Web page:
A previous U-Blog
shared research that shows, on average, residential utility customers spend about nine minutes per year actually interacting with their provider … and that many times it is a negative interaction (e.g., a billing error or dispute). At the same time, we’ve seen how new technologies and consumer behavior can lead to more, but different types of consumer interactions with utilities, which are more convenient (and happiness-inducing!) for customers. Here I am referring to the push-pull platforms for social media, for example.
So, depending on your perspective—gut check: do you serve “rate payers” or do you sell to “customers”? —it may surprise you to learn that, as our latest New Energy Consumer study
shows, customer satisfaction and engagement actually decrease in direct proportion to the length of time consumers interact with their utility provider. Seems like quite a conundrum—I mean here we are trying to figure out how to engage customers more, all apparently at our peril.
As we all know, electricity and energy providers are not traditionally top of mind for consumers in the first place, though social, environmental and marketplace trends are changing that and driving greater levels of consumer interaction. Still, I was a little put off to read one study finding that says, “If consumers have interacted with their energy provider for more than one hour in the past year, satisfaction drops by 7 percent compared to those who have not interacted at all.”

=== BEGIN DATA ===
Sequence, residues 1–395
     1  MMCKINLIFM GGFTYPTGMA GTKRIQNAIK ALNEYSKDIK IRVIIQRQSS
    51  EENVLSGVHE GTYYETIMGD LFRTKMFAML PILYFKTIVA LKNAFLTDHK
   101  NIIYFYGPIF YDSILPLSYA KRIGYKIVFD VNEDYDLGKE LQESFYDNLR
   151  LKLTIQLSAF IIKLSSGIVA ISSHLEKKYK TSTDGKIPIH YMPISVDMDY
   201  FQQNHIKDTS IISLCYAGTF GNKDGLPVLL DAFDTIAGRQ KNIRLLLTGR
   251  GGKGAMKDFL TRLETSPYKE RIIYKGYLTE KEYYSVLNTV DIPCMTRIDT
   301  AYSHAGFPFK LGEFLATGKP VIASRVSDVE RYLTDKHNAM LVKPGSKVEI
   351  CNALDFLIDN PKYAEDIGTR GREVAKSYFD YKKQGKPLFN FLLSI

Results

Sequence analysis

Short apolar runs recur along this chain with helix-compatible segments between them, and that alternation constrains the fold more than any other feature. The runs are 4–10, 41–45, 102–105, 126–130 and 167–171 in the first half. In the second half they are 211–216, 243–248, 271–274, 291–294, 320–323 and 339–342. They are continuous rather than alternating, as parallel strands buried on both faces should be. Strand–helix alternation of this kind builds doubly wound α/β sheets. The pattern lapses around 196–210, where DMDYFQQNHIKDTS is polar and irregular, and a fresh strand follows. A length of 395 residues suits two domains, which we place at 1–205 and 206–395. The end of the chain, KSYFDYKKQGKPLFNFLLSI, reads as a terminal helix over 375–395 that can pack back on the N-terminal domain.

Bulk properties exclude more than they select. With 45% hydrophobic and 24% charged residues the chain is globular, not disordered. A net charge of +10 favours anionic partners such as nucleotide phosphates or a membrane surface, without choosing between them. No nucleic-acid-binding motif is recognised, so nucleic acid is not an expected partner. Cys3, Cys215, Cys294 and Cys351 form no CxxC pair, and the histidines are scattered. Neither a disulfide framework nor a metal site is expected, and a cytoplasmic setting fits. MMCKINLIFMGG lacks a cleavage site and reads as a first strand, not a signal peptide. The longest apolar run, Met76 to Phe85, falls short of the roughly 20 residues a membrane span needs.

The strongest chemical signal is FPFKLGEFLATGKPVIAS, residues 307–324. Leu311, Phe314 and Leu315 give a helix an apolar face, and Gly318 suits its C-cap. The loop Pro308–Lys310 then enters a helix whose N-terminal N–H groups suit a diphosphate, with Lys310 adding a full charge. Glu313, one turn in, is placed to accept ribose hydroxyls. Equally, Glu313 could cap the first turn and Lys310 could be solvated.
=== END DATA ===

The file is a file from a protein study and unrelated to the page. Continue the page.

Here’s what I think. Two variables distinguish good customer interaction and bad: (1) the content and (2) the method. Dealing with confusing bills or energy programs through the mail or by waiting in a call center queue is a quantum leap down from being informed by your utility via text messaging that you’ve earned airline points by saving on your energy spend.
Precisely because rate payers are now customers (more apropos for deregulated markets, but it’s coming for all of us), retail energy providers must offer more than reliable service (that’s fundamental), they must offer an experience, which means using the same tools and offers that other retailers are using, with great effect, since they spend a lot more than nine minutes interacting with happy customers.
What kinds of new experiences are you creating for your customers?